The Spaces and Modes of Resistance Poetry

What worry is there if pen and slate have been

snatched from me? I have dipped my fingers

in the blood of my broken heart

What if my lips have been sealed? Every

ring in my chain has a fiery tongue ready

to rebel.

-Faiz Ahmed Faiz

LIKE EVERY ART, poetry and resistance poetry in specific is deeply interlinked to the question of space and mode of production. Resistance poetry by its very nature demands the existence of a certain geography which is subjugated, and also presumes that a struggle must exist to control the nature and flow of these narratives. To cite an example, the condition for resistance poetry to exist in Kashmir, is that not only is Kashmir one of the most militarized regions in the world, but that there is a constant contest between the state and the people over how to categorize, and label the events say the August 5 abrogation of Article 370. While the state will tout it as a great equalizer that brings ‘democracy’ in its truest sense to the region, the narrative from Kashmir is that of betrayal, hurt and rage. In the context of this space exists resistance poetry and the conditions that necessitate its production. But in turn, poetry as all art does create new alternate spaces by creating new possibilities of meaning, and perceiving the world. This applies equally well to resistance poetry which must think of new linkages and new rites of fusion between the land and people inhabiting it. What then are these new linkages that resist, how do they resist, and what do they resist?

This is a challenging question, and one of the most pertinent ones that demand an answer. But like with every such question it has no easy answers obviously, nor is it possible to fully outline the answer here. However, broadly, I would think the answer to this question is linked to the production of space by the state, which is rigid and hierarchal. The state functions by marking binaries of acceptability/non-acceptability, accessible/inaccessible, civilian/terrorist, and marks spaces out clearly – camp, road, police station, interrogation center, check point, bunker, road. These spaces are opaque since the general population is not permitted/informed about these spaces as they are imposed on the public without their consent.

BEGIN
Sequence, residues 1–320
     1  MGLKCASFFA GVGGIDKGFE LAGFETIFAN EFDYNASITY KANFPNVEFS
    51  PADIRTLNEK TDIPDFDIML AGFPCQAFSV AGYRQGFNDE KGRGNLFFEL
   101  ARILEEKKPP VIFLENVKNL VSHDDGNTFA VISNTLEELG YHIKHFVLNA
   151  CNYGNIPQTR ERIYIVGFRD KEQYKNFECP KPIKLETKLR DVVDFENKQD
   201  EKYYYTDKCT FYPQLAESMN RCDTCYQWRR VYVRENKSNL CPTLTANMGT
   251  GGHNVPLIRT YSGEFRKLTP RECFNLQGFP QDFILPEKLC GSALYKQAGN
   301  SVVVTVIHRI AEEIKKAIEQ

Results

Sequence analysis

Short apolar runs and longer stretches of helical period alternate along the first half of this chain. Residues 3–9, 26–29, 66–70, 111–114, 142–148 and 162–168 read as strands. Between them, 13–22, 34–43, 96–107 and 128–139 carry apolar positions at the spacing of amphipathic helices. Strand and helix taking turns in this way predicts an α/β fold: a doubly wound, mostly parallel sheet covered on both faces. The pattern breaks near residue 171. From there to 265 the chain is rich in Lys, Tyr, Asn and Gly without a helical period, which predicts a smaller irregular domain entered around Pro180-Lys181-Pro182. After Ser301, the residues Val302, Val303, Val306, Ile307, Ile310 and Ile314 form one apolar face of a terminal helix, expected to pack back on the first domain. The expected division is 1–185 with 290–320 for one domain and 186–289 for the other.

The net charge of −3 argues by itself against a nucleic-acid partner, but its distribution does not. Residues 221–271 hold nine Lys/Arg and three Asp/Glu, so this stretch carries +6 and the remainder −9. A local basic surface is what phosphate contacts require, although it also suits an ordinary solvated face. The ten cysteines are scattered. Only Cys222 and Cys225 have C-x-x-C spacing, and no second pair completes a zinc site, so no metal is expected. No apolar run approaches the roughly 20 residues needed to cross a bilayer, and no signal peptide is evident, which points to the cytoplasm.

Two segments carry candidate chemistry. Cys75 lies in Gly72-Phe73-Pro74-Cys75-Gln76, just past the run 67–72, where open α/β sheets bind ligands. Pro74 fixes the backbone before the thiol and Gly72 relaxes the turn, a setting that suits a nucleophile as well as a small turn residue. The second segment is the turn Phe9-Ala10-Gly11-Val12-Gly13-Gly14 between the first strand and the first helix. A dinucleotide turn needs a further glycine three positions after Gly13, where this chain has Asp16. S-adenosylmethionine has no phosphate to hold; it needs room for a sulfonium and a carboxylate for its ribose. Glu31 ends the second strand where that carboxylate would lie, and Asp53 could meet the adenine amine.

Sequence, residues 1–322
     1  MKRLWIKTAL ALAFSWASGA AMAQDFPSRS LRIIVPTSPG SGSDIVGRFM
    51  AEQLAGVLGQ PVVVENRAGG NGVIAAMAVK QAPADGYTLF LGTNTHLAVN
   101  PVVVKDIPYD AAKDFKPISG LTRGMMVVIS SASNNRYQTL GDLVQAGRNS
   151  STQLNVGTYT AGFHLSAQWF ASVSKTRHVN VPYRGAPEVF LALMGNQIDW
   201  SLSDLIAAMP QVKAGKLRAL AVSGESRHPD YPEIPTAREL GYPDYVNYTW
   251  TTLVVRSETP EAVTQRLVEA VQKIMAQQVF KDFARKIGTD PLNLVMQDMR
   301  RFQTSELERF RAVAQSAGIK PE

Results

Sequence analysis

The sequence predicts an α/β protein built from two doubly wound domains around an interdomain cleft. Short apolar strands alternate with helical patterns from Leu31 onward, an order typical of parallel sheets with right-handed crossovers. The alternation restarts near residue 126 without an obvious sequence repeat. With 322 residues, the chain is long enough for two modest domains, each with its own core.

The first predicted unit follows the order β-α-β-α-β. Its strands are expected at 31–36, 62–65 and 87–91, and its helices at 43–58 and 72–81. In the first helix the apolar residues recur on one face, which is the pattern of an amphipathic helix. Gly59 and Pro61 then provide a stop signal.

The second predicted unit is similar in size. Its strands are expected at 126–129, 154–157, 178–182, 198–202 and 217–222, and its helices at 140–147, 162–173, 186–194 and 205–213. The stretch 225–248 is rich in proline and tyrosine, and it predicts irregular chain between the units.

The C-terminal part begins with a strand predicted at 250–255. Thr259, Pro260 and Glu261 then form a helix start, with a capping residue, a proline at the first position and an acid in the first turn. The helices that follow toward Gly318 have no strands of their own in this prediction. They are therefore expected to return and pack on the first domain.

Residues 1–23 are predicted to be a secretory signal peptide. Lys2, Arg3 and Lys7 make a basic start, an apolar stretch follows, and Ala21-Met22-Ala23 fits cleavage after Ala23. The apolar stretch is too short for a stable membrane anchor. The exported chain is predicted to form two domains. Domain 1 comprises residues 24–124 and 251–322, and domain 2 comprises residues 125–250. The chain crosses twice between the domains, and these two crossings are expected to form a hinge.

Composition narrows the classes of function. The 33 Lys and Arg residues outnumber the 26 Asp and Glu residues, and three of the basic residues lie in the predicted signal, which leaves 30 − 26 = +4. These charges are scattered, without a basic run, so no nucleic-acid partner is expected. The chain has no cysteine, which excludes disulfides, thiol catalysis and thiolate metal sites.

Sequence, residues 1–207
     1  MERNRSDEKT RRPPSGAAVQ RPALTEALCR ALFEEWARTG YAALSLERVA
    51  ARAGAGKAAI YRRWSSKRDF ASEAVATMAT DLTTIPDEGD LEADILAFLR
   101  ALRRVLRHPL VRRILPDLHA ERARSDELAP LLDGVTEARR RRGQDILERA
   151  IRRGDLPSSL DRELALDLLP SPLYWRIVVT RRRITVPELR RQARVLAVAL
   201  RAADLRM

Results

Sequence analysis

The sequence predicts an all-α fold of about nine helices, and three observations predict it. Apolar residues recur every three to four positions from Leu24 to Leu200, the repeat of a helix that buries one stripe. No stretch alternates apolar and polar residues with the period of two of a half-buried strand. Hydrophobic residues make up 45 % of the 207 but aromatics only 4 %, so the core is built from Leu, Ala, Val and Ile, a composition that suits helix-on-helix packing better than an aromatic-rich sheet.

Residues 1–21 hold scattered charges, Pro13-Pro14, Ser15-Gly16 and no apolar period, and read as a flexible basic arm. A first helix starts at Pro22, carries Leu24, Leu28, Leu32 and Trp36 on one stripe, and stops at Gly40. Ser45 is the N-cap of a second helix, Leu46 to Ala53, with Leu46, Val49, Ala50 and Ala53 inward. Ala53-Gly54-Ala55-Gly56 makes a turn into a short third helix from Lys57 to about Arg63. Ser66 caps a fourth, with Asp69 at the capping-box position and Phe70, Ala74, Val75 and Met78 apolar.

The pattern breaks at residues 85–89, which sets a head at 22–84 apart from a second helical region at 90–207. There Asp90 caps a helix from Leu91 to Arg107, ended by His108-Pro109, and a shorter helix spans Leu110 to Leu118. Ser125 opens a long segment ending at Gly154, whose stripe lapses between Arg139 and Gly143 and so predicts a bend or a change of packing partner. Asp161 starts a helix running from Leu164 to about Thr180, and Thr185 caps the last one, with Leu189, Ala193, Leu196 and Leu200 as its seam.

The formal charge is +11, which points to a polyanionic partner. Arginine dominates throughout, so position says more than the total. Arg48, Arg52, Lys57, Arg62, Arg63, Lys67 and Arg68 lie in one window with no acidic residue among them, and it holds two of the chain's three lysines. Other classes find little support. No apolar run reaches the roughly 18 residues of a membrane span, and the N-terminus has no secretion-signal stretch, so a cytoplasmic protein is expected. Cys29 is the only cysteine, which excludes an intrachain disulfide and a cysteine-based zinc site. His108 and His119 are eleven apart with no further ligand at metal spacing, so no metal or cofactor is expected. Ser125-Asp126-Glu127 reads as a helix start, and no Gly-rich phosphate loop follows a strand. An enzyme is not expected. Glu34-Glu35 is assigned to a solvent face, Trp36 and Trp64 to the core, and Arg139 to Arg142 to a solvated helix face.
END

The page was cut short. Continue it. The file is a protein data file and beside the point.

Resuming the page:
Were one to pass by the infamous cargo police station, one can see written in bold letters on the wall: ‘Military Area. Trespassers will be persecuted’. Similarly bunkers and army camps often demarcate spaces by barricades, concertina wires and walls to clearly indicate their disjunction from the landscape, and thus create an aura of intimidation. For what is hidden and inaccessible, man fears most. To quote Faraz: Till you are inaccessible, let us worship you/We call him God that we can’t touch or prove. The bunker similarly lies on the concept of a panopticon – a technology where the soldier inside can observe every activity outside, but those outside cannot figure out which way the soldier is looking. Only the nozzle of the rifle butts out leaving a perpetual reminder of the power of the soldier inside.

The wayfarers are therefore perpetually wary of the gaze of the bunker, and must per force notice it even as they would like not to be reminded of its existence. The bunker, thereof, becomes a space of intimidation, and these routines and spaces of intimidation are perpetuated by issuing papers to regulate these spaces – laws are published on paper, the state issues orders on paper, detention and release orders are paper as are FIRs, and heabus-corpus petitions and charge-sheets are paper.

Resistance poetry counters this hierarchization of papers by first creating its own papers: papers that reflect local realities, papers that counter and contest official realities. Second, in its own papers it refuses these hierarchies by ascribing geographies with meanings and memories such that they act as mnemonic markers of a geography that is accessible only to the collective, and inaccessible to the state that shares no experience/memory of suffering. Moreover, since poetry conflates geographies and times, the contradictions and contests in the text become an articulation of not the fixed space of a nation state, but a vehicle of potentialities – a disruptive and transformative space of contrapuntal trajectories where divergent and distant spaces blend by aid of an imagination. This imagination exists in constant negotiation and tension between routes and roots of subjugation and resistance.

The narrations of collective trauma, thereof, can be employed to generate a greater mutuality and inclusiveness. Such poetry speaks to the moment of their creation, and preserves it as a living testimony of the present and an inalienable component of the future, rather than merely an inert archiving of facts. From these shared histories, can come the language from which one can image different, humane and equitable futures where we can think beyond the nation state. This is a third space of fluidness that runs counter to the specific and popular imaginations of nationalist movements, and responses of the state to them.